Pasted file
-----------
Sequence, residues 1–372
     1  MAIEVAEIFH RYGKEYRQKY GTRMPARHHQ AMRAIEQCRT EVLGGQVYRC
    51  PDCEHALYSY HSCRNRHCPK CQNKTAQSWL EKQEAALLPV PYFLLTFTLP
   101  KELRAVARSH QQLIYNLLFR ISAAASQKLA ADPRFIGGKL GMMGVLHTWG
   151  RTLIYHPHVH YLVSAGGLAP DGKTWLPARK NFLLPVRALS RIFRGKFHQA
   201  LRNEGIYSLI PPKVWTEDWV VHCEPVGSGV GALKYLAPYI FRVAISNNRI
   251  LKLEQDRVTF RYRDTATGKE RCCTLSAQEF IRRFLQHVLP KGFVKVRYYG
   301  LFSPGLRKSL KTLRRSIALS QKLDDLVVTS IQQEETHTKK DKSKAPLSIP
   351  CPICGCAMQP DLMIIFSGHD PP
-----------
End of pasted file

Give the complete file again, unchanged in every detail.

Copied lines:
Sequence, residues 1–372
     1  MAIEVAEIFH RYGKEYRQKY GTRMPARHHQ AMRAIEQCRT EVLGGQVYRC
    51  PDCEHALYSY HSCRNRHCPK CQNKTAQSWL EKQEAALLPV PYFLLTFTLP
   101  KELRAVARSH QQLIYNLLFR ISAAASQKLA ADPRFIGGKL GMMGVLHTWG
   151  RTLIYHPHVH YLVSAGGLAP DGKTWLPARK NFLLPVRALS RIFRGKFHQA
   201  LRNEGIYSLI PPKVWTEDWV VHCEPVGSGV GALKYLAPYI FRVAISNNRI
   251  LKLEQDRVTF RYRDTATGKE RCCTLSAQEF IRRFLQHVLP KGFVKVRYYG
   301  LFSPGLRKSL KTLRRSIALS QKLDDLVVTS IQQEETHTKK DKSKAPLSIP
   351  CPICGCAMQP DLMIIFSGHD PP